Carbon markets are rapidly emerging as a way to incentivize cotton producers to continuously adopt more conservation agriculture practices as well as providing companies and countries options to reach their greenhouse gas emission (GHG) reduction targets. Carbon markets work by establishing projects that create verified reductions in GHGs which are translated into carbon dioxide equivalents (CO2e), creating carbon credits. With this in mind, growers may start to view carbon credits as another commodity, just like the cotton itself.
Cotton, like all plants, is efficient at removing CO2 from the atmosphere and storing it in both the soil and fiber – and through growing techniques like precision fertilization, utilizing cover crops and no-till soil management, this CO2 storage capacity is only increasing. The carbon market framework can incentivize both growers who have adopted these practices and those who are considering implementation. Growers who’ve already adopted these practices can take advantage of this opportunity by expanding their sustainable growing practices to additional acres. Growers who have yet to adopt these methods may be incentivized to consider these new innovative climate smart practices.
Currently, we have identified at least seven fully launched programs, and another eight in development. Cotton Incorporated worked with the Soil and Water Outcomes Fund in 2021, engaging innovative cotton producers in North Carolina interested in participating in the evolving carbon marketplace. The pilot program engaged two cotton producers who implemented practice changes on their operations and generated positive environmental outcomes for both soil and water quality. The trial enrolled two producers with 414 acres over nine fields. The producers participating in this pilot program implemented no-till, nutrient management, and cover crops which resulted in a reduction of 130 metric tons of CO2e and were paid directly for the carbon reduction. Programs such as the Soil and Water Outcome Fund can de-risk practice changes for the growers which may catalyze the adoption of climate smart practices across the cotton belt.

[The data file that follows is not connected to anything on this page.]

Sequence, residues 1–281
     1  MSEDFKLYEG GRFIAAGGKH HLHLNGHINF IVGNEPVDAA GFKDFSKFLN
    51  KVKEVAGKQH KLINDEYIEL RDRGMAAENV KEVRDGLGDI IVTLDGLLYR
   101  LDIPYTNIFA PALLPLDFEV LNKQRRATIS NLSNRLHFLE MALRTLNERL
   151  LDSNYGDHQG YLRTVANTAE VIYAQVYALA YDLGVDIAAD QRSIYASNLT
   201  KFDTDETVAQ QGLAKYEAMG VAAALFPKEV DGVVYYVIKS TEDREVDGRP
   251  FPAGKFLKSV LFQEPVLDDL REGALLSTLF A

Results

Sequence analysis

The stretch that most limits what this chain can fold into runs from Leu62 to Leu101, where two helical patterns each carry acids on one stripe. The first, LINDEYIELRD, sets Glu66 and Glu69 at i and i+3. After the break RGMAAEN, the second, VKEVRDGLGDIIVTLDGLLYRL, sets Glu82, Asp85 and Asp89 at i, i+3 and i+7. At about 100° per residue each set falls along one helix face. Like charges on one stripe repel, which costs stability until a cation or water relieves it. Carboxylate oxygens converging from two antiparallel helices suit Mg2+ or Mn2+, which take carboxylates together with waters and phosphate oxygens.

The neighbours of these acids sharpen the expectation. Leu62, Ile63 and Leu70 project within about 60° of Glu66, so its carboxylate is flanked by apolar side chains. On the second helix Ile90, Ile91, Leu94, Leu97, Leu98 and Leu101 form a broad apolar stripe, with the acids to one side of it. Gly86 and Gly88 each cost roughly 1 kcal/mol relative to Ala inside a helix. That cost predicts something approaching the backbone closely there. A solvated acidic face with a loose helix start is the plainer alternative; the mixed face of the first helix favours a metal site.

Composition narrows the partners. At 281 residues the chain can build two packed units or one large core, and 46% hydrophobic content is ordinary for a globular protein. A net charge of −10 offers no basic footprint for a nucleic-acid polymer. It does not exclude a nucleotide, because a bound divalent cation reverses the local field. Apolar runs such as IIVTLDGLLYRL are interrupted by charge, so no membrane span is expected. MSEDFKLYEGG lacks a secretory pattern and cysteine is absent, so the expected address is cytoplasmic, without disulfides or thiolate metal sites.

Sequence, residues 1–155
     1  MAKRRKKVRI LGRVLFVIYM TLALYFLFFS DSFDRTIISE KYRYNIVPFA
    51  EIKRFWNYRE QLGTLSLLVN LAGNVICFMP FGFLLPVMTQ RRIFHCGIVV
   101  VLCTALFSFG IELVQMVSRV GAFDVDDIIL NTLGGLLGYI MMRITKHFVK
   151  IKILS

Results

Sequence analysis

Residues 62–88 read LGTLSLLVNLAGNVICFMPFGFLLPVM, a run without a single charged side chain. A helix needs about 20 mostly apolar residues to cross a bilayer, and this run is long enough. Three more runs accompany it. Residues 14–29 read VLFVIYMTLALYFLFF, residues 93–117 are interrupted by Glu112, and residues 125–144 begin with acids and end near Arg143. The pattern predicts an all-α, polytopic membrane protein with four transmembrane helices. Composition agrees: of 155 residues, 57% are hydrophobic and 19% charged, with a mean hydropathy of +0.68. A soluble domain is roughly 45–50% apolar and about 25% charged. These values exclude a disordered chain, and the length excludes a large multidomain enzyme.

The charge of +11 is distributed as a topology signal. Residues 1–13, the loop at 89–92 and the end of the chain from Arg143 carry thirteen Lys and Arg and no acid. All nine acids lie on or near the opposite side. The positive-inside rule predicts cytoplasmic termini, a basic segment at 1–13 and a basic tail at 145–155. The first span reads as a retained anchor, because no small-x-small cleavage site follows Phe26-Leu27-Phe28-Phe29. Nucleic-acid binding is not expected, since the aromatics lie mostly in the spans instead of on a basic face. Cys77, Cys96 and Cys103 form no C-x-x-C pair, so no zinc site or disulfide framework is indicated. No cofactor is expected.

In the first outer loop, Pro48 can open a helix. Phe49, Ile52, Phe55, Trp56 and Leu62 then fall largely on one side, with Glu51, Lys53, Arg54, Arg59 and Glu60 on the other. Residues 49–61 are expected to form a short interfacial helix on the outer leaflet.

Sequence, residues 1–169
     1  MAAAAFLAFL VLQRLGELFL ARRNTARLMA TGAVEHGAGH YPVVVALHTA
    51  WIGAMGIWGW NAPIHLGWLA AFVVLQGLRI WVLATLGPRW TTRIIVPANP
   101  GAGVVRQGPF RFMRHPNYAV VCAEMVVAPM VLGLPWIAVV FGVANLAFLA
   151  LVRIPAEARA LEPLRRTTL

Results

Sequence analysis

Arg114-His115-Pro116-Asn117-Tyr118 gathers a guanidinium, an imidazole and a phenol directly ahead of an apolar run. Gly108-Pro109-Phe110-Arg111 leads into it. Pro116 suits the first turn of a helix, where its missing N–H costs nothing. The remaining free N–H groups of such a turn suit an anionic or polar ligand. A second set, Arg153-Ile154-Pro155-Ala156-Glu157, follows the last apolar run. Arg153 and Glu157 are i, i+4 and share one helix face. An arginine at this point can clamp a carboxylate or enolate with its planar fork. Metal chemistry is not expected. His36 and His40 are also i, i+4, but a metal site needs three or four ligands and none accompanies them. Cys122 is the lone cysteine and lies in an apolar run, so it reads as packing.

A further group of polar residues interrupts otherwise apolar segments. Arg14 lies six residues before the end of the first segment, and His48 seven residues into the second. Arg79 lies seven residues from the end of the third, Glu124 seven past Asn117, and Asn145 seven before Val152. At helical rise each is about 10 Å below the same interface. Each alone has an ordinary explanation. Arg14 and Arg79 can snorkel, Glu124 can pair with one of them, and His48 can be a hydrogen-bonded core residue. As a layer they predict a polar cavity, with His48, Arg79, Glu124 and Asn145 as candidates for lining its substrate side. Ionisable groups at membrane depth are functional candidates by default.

At Cotton Incorporated, we are committed to providing growers with the resources needed to take advantage of these emerging carbon market opportunities. In addition to our work supporting growers through research on more sustainable growing practices, we’ve also collaborated with the National Cotton Council of America to help inform and guide growers through the exploration process.
In these resources, growers can learn more about how carbon markets work, what questions they should be asking, and, as demonstrated by the graphic below, what the overall process could entail.
As carbon markets continue to develop and become more prevalent, growers should explore the opportunity to ensure they find the opportunity that makes sense for them. But as with any new and developing opportunity, growers need accurate information in order to make decisions that are best for their operation. At Cotton Incorporated, we’re working to help provide that information as well as continuing to monitor, research and evaluate this emerging market so we can help growers profit from the sustainability benefits of cotton production.
Steven Pires, Manager, Sustainability